When building your dream home, there seems to be a million critical items on your checklist that you must consider, otherwise, the project won’t be entirely successful. One of these is underground drainage. 

Before jumping in to purchase the necessary equipment and lay the pipes, you need to have some background information on what underground drainage systems entail. Read this basic guide for details:

Types Of Drainage Systems

As outlined below, there are two types of drainage systems:

  • Surface drainage: This involves conveying rainwater away from the walls and foundation of the house to a distant drain field. Ordinarily, you’ll have a system of gutters and downspouts connecting to perforated underground pipes or French drains.
  • Grey water drainage: This is meant to transport foul water from bathrooms, toilets, and sinks to the septic tank or drain field. Usually, toilet waste goes to the septic tank, while the less toxic water from bathrooms and sinks can flow to a drain field.

Common Equipment

Here’s a list of the essential fittings you need for an underground drainage project:

  • Sewer pipes: These form the bulk of underground drainage systems. You can choose between the 3- or 6-meter-long pipes, depending on the length of runs in your project. Since they come in a variety of diameters, you have to choose according to the desired capacity of the system.
  • Land drain pipes: These are used for soakaway systems. As they’re perforated along their entire length, wastewater flowing in the pipe slowly seeps into the surrounding soil. You have the option to purchase either the 25m or 50m pipe.
  • Couplers: They act as joints between plain-end drain pipes. That’s why they have rubber seals on the interior periphery of the blown section.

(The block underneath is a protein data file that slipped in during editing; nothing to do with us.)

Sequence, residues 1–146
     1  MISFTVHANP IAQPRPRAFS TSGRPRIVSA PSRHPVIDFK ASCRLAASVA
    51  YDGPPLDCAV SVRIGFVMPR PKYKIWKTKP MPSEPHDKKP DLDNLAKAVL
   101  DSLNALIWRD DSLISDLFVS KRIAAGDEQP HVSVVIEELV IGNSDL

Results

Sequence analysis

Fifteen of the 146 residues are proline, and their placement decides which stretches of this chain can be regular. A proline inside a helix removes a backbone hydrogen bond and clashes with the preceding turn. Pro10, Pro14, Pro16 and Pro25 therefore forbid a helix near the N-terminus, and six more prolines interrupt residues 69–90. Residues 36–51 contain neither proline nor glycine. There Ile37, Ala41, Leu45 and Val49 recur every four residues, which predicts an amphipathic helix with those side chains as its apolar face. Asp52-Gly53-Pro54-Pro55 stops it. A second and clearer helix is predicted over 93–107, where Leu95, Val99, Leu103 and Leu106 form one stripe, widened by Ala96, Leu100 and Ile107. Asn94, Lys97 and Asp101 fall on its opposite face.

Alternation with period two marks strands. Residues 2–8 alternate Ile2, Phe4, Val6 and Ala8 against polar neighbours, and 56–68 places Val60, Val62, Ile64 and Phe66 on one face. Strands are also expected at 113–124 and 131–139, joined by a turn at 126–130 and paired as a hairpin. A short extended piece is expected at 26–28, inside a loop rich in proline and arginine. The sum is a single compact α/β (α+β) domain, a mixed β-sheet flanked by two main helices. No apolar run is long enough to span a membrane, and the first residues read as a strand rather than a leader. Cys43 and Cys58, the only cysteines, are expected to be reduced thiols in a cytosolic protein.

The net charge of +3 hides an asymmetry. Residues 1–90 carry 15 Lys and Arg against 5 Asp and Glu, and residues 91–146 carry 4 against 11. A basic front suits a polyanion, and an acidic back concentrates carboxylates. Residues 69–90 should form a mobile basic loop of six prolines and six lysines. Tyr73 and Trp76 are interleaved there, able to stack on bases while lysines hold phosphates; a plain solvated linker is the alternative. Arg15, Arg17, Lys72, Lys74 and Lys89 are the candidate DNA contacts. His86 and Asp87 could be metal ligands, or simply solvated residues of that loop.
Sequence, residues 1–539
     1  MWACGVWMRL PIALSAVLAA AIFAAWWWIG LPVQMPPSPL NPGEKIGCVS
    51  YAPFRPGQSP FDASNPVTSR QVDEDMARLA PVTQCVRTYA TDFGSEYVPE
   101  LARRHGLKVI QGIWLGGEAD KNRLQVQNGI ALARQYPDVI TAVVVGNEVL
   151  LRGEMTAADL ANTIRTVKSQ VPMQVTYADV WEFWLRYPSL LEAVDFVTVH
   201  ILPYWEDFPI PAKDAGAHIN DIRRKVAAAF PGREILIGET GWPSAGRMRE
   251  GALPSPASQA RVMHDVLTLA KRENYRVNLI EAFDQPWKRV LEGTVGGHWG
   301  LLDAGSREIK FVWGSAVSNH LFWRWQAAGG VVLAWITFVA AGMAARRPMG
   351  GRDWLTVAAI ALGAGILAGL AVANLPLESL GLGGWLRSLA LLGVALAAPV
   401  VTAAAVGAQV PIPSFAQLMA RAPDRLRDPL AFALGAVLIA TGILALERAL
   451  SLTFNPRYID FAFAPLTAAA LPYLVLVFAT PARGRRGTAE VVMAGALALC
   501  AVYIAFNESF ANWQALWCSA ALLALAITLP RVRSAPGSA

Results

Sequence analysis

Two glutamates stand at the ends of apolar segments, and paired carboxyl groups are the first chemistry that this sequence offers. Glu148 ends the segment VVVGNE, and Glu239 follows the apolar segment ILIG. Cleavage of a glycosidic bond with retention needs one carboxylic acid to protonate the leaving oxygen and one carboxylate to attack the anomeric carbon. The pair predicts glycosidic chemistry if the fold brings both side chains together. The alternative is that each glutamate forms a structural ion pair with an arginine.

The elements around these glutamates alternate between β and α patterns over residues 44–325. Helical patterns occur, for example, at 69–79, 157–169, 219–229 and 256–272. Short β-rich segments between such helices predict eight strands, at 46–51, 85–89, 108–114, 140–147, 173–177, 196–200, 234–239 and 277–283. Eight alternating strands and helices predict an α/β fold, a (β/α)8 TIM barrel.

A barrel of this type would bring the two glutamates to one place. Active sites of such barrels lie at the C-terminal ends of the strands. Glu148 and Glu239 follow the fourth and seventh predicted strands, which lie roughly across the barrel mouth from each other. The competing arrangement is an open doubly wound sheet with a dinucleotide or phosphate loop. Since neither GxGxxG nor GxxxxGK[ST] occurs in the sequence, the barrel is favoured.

• Bends: To change the flow direction, you can connect two straight pipes with a bend of any degree, say, 90, 45, or 30 degrees. These accessories also have a rubber seal inside the blow socket.
  • Inspection chambers: You have the freedom to choose between a brick-and-mortar or a plastic inspection chamber. They allow you to rod pipes, allowing you to remove blockages. You’ll usually need one where the system changes direction or to connect pipes coming from the house to the main drainage pipe.
  • Gully trap: This stores some amount of liquid in a U-shaped bend to prevent smells and gases within the drainage system from backing up into the house or pavement.
  • Rest bends: They’re similar to the bends described above, only that they have firm support at the outer curve. You need them to connect vertical pipes coming from within the house to horizontal underground drain pipes. The support ensures the pressure of flowing water doesn’t break the connections.

You want to source these pipes and fittings from a reputable manufacturer with a solid record of producing high-quality goods, such as EasyMerchant. The better the quality, the longer they’ll serve you without a need for repair or replacement.

Layout

For aesthetic purposes, you must design the layout of the pipes around the house. You don’t want to have manholes sticking out of the ground haphazardly. Having one will make your compound look unattractive. Instead, make a point of positioning the manholes in a good-looking pattern that improves the curb appeal of your home, complete with classic manhole covers. For best results, you may want to work with a landscape architect.

Compliance With Building Codes

The local building council in your area of residence must approve your underground drainage design. They do so to ensure that you don’t endanger human lives, which is possible if the system is shoddy.

Suppose you install 2-inch-diameter pipes to transport toilet waste to the septic. They’ll most likely block regularly. You’ll also encounter the same problem if you have sharp turns along with the system. If you dig a shallow trench for the pipes, human and vehicular traffic is likely to crush them to pieces. The building regulators ensure you don’t commit such costly mistakes. Your goal is to design and build a system that won’t get rejected.

Trenching

A general rule of thumb is to bury the pipes such that their top lies about 1 foot from the ground level. This prevents them from breakages by human and vehicular traffic. Additionally, it would help underlay the pipes with pea shingle gravel to ensure they have proper support. 

If you leave loose soil underneath, the pipes may ‘settle’ and affect the seamless flow of wastewater or even lead to leakages.

Conclusion

Given the toxic nature of the waste they convey, underground drainage systems require extra care during installation. Therefore, you need to have some of the best practices at your fingertips before embarking on such a project. It’ll help you have a high-quality system that effectively drains away wastewater and rainwater from your house.

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